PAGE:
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I'm developing a smart contract handling document signing. Mainly, there are two things to consider 1) Signers 2) Sign Types.

1) Signers: Mandatory sign the document
2) Types: Types of signs such as eSign, hardware key, etc.

Currently, data is stored in this way:

Agreement
   |
Sign Types
   | 
Signers

Code:

struct Agreement {
    bytes32 id;                                                 
    address owner;                                             
    string fileHash;                                           
    address[] signers;                                         
    uint256 timestamp;                                          
    uint256[] types;
    mapping(uint256 => mapping(address => Stamp)) stamps;    
}

struct Stamp { 
    address signer;
    uint256 blockNumber;
    uint256 timestamp;
}

function createAgreement(
    bytes32 _id, 
    address _owner,  
    string memory _fileHash,
    address[] memory _listOfSigners,
    uint256[] memory _types
)   public returns (bool success) {

    agreements[_id].id = _id;
    agreements[_id].owner = _owner;
    agreements[_id].fileHash = _fileHash;
    agreements[_id].timestamp = block.timestamp;
    agreements[_id].signers = _listOfSigners;
    agreements[_id].types = _types;

    return true;
}

It was working fine till now, but there are changes of optional signers.

Optional signers can optionally sign the document (consider optional signers always in a group of two or more). Meaning that a single person from the group can sign and the document should be considered as a signed.

To avoid an array of arrays, I have used mappings and structs as follows.

struct Agreement {
    bytes32 id;                                                 
    address owner;                                             
    string fileHash;                                           
    address[] signers;                                         
    uint256 timestamp;                                          
    uint256[] types;
    mapping(uint256 => mapping(address => Stamp)) stamps; 
    mapping(uint256 => OptionalSignerGroup[]) optSignerGroup;   
} 

struct OptionalSignerGroup {
     uint256 groupId;
     mapping(uint256 => OptionalSigner[]) signers;
   }

struct OptionalSigner {
    address signer;
}

But, I'm not sure how to add and retrieve data into optional signer groups.

Here is the new flow

          Agreement
             |
           Sign Types
         |         |
Signers(mandatory) Optional Signer groups
                      |                    
                   Signers
  • Too broad. Please post your actual state variables (not just structure declarations), and then explain what you want to add where. Also, the array of arrays of integers [[1,2], [3,4], [5,6]] doesn't fit into any of your types, so please provide a relevant example! – goodvibration Nov 18 '19 at 11:28
  • @goodvibration: updated the question, let me know if anything is still unclear! – Div Nov 18 '19 at 12:05
1

This looks like two or more questions, to me.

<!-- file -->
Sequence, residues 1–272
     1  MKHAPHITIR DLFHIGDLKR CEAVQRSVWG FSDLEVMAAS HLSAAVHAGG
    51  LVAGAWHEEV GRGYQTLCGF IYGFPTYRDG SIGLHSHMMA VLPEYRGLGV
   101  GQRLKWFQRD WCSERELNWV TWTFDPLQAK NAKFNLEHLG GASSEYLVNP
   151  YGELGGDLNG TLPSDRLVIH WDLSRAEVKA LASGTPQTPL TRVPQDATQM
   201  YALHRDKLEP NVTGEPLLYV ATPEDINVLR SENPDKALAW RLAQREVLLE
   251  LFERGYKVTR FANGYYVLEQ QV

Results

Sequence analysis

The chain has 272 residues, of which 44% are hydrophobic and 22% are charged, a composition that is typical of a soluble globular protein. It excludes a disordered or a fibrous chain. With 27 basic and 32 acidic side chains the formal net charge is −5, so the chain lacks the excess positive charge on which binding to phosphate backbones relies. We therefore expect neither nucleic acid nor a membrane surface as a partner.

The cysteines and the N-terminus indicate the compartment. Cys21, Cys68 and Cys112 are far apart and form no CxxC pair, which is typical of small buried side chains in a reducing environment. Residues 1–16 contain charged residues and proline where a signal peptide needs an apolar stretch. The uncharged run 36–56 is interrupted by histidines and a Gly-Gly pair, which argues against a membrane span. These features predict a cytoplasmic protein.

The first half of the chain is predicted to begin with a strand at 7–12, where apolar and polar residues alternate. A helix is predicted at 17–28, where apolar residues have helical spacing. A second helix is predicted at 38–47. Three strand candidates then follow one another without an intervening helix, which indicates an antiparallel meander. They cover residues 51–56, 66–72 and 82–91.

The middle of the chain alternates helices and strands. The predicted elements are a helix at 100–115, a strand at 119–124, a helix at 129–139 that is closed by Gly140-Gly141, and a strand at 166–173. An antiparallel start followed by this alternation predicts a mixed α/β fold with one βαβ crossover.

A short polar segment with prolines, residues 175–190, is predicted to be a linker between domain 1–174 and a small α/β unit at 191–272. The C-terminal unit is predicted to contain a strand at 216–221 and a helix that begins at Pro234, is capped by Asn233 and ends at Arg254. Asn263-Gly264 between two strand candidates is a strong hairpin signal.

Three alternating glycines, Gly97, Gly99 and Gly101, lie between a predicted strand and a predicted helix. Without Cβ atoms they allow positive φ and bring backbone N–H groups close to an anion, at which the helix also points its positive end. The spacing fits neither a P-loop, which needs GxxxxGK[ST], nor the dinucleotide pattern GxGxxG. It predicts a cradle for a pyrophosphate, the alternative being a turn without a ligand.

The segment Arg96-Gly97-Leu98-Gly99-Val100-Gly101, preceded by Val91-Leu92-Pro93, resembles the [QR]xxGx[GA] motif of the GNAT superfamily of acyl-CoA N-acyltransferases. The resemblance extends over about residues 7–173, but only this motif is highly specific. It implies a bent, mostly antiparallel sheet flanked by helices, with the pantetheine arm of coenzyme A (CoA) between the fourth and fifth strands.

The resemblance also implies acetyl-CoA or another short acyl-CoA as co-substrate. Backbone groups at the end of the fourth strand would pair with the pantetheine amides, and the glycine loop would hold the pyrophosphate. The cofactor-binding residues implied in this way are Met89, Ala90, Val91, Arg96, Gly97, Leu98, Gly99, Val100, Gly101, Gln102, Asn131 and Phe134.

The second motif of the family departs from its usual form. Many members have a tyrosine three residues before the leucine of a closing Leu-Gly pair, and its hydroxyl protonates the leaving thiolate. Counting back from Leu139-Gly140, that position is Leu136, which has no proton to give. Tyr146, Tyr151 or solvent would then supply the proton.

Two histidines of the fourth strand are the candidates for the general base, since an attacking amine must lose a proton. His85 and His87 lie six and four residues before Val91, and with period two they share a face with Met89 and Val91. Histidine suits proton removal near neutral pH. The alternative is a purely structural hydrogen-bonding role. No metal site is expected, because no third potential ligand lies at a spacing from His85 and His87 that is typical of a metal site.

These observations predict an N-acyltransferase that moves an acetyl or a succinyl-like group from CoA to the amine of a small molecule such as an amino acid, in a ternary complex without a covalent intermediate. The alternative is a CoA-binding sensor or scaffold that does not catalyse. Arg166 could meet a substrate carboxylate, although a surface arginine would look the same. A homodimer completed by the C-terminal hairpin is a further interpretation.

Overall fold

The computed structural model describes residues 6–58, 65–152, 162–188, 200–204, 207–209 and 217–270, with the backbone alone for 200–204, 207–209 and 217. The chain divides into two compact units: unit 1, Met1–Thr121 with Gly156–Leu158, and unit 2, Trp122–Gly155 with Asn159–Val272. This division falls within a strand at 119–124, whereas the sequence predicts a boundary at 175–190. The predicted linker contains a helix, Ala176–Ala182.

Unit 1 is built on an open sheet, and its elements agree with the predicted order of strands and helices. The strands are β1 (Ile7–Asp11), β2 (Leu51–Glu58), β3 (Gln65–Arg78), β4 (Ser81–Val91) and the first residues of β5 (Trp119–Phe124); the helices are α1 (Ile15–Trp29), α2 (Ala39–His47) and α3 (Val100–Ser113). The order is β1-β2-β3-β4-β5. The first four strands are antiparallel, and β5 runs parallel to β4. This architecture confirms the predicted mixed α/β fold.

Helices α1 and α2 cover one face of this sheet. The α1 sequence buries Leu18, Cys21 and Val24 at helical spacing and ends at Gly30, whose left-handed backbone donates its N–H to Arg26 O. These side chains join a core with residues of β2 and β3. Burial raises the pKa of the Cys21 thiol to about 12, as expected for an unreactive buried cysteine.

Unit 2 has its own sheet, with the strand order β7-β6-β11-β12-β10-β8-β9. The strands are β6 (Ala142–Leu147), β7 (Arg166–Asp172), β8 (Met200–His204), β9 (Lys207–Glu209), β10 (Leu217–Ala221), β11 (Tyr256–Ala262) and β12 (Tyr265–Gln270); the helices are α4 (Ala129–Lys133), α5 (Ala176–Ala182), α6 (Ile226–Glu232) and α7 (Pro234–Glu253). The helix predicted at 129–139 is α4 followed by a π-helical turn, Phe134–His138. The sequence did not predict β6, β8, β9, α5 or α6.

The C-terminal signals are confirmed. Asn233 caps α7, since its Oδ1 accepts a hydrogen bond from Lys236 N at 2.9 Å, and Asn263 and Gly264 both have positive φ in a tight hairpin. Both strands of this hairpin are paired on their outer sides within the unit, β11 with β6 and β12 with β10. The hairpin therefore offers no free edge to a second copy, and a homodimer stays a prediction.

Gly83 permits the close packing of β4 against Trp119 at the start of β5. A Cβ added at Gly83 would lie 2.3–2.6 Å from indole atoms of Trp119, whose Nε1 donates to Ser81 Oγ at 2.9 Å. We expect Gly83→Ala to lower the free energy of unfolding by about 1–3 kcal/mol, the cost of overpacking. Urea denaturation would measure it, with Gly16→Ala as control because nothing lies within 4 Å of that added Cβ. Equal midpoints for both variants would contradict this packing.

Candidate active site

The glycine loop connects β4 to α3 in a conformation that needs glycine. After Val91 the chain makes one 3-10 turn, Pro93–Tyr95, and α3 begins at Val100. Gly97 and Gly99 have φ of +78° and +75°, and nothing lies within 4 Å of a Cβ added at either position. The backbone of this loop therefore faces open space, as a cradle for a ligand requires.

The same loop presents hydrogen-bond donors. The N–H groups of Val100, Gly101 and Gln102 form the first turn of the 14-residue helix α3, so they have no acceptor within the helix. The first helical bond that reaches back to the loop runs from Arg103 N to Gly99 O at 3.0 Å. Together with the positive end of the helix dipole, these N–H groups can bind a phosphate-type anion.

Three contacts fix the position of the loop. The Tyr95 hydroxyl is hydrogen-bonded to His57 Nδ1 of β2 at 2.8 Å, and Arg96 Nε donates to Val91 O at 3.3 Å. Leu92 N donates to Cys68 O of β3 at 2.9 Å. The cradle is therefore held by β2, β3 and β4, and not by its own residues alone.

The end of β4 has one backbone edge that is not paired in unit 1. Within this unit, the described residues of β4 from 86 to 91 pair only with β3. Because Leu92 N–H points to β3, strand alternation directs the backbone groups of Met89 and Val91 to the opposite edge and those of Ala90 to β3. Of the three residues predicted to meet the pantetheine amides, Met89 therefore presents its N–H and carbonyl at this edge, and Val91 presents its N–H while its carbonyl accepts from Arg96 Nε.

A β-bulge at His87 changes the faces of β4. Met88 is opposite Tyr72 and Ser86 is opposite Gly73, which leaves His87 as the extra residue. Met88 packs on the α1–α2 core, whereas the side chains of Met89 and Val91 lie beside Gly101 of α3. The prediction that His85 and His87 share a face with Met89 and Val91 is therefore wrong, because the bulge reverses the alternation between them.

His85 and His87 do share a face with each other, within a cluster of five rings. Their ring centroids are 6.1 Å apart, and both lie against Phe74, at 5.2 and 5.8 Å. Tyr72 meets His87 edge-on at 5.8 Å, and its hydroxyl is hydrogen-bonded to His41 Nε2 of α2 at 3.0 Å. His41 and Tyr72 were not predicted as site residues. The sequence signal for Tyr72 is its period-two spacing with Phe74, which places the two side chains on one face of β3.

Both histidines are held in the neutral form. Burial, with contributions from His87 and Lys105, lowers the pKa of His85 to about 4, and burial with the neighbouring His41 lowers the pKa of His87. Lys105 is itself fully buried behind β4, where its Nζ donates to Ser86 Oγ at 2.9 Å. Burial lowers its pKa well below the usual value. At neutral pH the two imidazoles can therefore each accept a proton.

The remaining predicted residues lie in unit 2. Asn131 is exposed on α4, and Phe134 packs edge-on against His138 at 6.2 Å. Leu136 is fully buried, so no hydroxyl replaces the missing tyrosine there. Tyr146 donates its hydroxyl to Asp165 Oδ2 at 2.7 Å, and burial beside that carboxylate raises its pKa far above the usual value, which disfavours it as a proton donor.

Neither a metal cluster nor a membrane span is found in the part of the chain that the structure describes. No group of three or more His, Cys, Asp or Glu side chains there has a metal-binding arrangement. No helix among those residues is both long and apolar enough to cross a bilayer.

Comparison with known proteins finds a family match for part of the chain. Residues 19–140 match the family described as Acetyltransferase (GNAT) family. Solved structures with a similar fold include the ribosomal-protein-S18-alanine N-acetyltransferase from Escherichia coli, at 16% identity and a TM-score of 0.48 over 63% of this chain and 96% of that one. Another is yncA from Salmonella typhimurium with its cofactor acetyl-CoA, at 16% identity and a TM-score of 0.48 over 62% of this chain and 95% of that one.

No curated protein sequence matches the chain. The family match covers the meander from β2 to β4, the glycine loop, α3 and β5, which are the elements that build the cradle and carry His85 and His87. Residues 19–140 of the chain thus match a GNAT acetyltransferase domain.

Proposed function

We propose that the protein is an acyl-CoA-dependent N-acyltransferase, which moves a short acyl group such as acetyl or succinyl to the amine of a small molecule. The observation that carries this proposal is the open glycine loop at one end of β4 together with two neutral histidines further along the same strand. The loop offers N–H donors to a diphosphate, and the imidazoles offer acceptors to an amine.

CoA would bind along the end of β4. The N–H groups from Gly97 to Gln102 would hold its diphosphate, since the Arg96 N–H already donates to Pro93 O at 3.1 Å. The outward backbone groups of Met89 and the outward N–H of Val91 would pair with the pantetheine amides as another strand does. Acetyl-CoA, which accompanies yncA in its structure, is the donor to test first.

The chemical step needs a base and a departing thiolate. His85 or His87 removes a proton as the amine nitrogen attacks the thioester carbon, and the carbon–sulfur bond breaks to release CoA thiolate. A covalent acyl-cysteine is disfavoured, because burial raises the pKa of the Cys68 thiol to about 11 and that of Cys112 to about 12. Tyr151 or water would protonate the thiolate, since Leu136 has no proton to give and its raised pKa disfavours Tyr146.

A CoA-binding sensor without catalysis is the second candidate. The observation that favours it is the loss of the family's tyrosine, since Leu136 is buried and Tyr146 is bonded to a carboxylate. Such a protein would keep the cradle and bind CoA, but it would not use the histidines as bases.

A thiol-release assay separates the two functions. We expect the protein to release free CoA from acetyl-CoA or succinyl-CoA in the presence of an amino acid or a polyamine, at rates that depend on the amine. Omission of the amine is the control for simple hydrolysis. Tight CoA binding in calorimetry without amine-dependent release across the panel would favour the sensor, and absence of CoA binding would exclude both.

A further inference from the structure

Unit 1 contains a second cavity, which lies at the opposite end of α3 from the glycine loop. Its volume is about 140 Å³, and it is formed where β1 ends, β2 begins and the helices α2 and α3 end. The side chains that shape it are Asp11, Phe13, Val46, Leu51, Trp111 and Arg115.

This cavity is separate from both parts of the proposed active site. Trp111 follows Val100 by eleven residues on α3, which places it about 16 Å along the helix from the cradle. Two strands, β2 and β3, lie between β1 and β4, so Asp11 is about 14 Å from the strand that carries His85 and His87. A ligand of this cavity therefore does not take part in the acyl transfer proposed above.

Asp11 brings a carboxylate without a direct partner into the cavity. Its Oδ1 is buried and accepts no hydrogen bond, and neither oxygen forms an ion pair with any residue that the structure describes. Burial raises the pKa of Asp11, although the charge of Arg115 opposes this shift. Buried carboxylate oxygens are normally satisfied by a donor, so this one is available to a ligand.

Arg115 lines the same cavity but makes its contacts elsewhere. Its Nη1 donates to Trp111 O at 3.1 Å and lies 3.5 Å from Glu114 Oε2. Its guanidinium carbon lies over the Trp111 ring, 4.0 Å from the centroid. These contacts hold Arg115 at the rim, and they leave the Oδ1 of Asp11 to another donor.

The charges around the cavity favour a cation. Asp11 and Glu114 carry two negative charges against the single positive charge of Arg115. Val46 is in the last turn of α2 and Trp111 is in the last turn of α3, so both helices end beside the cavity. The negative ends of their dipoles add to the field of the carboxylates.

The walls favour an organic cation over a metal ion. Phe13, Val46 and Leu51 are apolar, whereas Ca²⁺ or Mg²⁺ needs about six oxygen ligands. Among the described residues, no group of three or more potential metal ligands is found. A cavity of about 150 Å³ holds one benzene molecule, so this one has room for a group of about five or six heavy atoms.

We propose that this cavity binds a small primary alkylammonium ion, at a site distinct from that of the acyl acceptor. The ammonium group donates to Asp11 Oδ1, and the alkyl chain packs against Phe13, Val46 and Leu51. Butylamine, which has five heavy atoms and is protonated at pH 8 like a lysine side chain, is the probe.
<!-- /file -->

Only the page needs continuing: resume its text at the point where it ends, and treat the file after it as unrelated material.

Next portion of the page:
A high-level question is the overall data layout. I'm not convinced this layout is ideal. It is usually best to think about readability and simplicity first and optimize later. With that in mind, I would probably tackle it with this: https://github.com/rob-Hitchens/UnorderedKeySet/blob/master/contracts/HitchensUnorderedAddressSet.sol

The idea there is to abstract the arrays and mappings into logical "sets" with useful functions including removal, count and exists. It uses both an array and a mapping which may not be the ideal optimization, but the abstraction can help work out the functionality in the early stage. It will be possible to reduce things to either an array or a mapping once the minimum requirements are clear.

If I understand the original question correctly, it seems to focus on adding an element to an array of a struct that is itself contained in a mapping.

pragma solidity 0.5.11;

contract MappingStructArray {

    struct S1 {
        uint a;
        bool b;
    }

    struct S2 {
        mapping(uint => S1[]) s1Arrays;
    }

    mapping(uint => S2) S2Structs;

    function pushS1(uint key, uint g, uint a, bool b) public {
        S2 storage s2 = S2Structs[key];
        S1 memory s1 = S1({
            a: a,
            b: b
        });
        s2.s1Arrays[g].push(s1);
    }
}

This is an admittedly simplified example for clarity.

Hope it helps.

| improve this answer | |
  • Thanks for the answer! Yes, need to revise the layout. However, I couldn't find the best way to avoid loops. In my current contract, I have to add a loop to add data in to optional signers (Same for retrieve the data) as there are three layers: Agreement -> types -> groups -> signers – Div Nov 19 '19 at 6:19
  • Thanks for accepting my answer. A common approach is to invert control so that iteration is handled by an offchain entity, such as a server. I would probably start with the logical sets and insert/remove members - 1 per transaction. It might be sufficient to use a mapping, such as OpenZeppelin's role-based access control. github.com/OpenZeppelin/openzeppelin-contracts/blob/master/… It's not a perfect match but it could give you ideas. – Rob Hitchens Nov 19 '19 at 7:46
  • Storage layout is usually the most important thing to sort out. It's imperative to arrange things so everything necessary is within reach at all times. – Rob Hitchens Nov 19 '19 at 7:46
  • In case the Libary's purpose isn't clear, it is a candidate replacement for both mappings and dynamic arrays that sort of gives the best of both by using them in concert. – Rob Hitchens Nov 19 '19 at 7:48
  • Thanks for the detailed information! I will give a try. Also will accept this as the answer. – Div Nov 19 '19 at 7:56

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